The 2011 film titled Gen Silent focuses on the needs and issues of six aging lesbian, gay, bisexual, and transgender (LGBT) people, at least two of whom had cancer. One of the issues made apparent in the film was the lack of trust in the healthcare system and the discrimination these individuals faced at a time when their needs were growing and they were increasingly vulnerable. It was sad and caused us to reflect on what we, as oncology nurses, are doing to meet the needs of LGBT individuals faced with a cancer diagnosis.
The 2011 film titled Gen Silent (http://gensilent.com) focuses on the needs and issues of six aging lesbian, gay, bisexual, and transgender (LGBT) people, at least two of whom had cancer. One of the issues made apparent in the film was the lack of trust in the healthcare system and the discrimination these individuals faced at a time when their needs were growing and they were increasingly vulnerable. It was sad and caused us to reflect on what we, as oncology nurses, are doing to meet the needs of LGBT individuals faced with a cancer diagnosis.
Many of us have learned to provide culturally competent cancer care to our patients. We have focused our efforts on learning more about and being sensitive to patients with different ethnic and socioeconomic backgrounds and patients whose language is not the same as ours. But how many of us feel prepared to provide the same high-quality care to LGBT individuals? Was it even covered in your nursing curriculum when you were in school?
An estimated 5%–10% of the U.S. population considers themselves LGBT (Grant, 2010). According to Healthy People 2020 (U.S. Department of Health and Human Services [USDHHS], 2015), LGBT individuals face health disparities associated with societal stigma, discrimination, denial of their civil and human rights, and frequent experiences of violence and victimization. Personal, familial, and social lack of acceptance of sexual orientation and gender identity negatively affects the mental health and personal safety of LGBT individuals (USDHHS, 2015). In addition, the LGBT community experiences disparities related to healthcare access; higher rates of depression, anxiety, and suicide; higher levels of sexually transmitted diseases; a greater propensity for cigarette smoking and drug and alcohol abuse; and lower rates of cancer screening and higher rates of some cancer diagnoses (Joint Commission, 2014; Quinn, Schabath, Sanchez, Sutton, & Green, 2014). The fear of discrimination or stigmatization may reflect the discomfort and negative attitudes many healthcare providers, including nurses, experience and convey when working with LGBT patients (Dorsen, 2012; Institute of Medicine, 2011).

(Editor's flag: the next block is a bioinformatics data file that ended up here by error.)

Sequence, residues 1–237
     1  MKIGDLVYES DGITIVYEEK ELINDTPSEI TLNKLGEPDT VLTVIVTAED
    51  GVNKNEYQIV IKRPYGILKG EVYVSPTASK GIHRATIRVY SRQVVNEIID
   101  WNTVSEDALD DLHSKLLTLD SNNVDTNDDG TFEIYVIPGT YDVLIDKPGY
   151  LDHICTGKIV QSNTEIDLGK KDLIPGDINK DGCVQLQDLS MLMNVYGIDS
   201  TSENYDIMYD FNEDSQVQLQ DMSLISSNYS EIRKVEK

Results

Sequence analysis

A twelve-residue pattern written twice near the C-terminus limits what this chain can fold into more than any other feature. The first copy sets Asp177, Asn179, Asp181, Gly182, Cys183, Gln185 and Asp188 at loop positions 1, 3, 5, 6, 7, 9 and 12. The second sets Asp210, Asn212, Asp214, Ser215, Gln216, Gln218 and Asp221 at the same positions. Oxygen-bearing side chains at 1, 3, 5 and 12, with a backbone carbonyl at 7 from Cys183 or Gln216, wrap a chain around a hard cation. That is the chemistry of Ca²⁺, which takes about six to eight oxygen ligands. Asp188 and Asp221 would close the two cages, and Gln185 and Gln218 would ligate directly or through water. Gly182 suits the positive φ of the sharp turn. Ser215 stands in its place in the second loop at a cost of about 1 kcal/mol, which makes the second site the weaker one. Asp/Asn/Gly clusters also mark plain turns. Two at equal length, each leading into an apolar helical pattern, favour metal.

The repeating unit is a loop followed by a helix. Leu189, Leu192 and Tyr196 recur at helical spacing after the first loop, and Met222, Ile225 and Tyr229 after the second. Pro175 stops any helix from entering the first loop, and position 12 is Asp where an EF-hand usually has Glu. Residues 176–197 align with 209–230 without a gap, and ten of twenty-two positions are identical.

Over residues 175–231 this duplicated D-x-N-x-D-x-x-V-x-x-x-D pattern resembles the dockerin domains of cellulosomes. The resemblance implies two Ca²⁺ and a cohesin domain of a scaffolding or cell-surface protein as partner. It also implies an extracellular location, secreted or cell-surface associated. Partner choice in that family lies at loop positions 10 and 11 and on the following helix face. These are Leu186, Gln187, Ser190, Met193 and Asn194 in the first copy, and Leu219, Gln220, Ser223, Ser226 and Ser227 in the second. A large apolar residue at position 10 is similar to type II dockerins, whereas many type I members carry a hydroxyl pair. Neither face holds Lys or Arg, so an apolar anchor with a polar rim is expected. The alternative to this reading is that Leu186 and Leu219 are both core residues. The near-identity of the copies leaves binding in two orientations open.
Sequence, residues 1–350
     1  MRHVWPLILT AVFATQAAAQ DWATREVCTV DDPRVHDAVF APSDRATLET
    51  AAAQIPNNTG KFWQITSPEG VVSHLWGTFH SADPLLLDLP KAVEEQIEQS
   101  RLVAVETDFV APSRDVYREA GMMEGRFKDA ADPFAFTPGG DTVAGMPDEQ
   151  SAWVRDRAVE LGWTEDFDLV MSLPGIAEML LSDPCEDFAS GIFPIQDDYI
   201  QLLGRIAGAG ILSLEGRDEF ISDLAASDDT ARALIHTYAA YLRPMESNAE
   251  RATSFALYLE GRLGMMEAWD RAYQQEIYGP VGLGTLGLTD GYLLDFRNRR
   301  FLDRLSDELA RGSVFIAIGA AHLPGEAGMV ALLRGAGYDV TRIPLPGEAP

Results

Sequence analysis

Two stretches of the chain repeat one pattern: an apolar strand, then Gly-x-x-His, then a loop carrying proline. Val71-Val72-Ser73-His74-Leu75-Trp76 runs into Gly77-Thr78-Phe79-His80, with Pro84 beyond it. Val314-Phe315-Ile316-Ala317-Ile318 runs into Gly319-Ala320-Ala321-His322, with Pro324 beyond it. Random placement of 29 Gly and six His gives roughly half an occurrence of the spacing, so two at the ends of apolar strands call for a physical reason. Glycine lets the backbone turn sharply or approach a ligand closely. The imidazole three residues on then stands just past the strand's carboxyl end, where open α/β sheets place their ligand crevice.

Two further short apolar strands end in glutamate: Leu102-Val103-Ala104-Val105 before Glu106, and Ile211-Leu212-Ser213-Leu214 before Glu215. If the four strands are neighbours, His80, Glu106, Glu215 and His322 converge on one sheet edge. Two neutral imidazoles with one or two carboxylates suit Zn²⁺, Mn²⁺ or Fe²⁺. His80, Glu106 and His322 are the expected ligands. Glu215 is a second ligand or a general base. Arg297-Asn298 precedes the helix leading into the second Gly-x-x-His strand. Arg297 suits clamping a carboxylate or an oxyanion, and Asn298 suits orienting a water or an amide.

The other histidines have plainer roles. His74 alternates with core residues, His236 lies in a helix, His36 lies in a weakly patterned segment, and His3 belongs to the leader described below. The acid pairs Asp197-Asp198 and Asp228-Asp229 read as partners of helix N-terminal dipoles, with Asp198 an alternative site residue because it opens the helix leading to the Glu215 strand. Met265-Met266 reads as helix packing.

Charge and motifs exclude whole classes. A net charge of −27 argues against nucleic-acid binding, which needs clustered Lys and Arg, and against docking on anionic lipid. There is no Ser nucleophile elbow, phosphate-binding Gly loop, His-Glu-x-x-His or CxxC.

In 2014, the Joint Commission released the field guide titled Advancing Effective Communication, Cultural Competence, and Patient- and Family-Centered Care for the Lesbian, Gay, Bisexual, and Transgender (LGBT) Community. In this document, focus was placed on patient and family engagement, effective communication between healthcare providers and LGBT patients; a checklist for leadership to use to implement changes to LGBT approach; and provisions of care, treatment, and services (see Figure 1). In addition, the American Academy of Nursing ([AAN], 2012) developed position statements opposing discrimination based on sexual orientation or gender identify and to enhance the health of this population. They also encourage hospital visitation rights for the partners and children of LGBT individuals (AAN, 2015). The Oncology Nursing Society (2015) endorsed this position.
Our readers may want to learn more to address the disparities experienced by and the unique needs of the LGBT community throughout the cancer continuum; therefore, two Oncology Essentials feature columns in the Clinical Journal of Oncology Nursing provide basic information about LGBT issues (Levitt, 2015; Margolies, 2014). Other resources are also available, and oncology nurses should become familiar with them to provide the quality of cancer care we want for all patients (see Figure 2).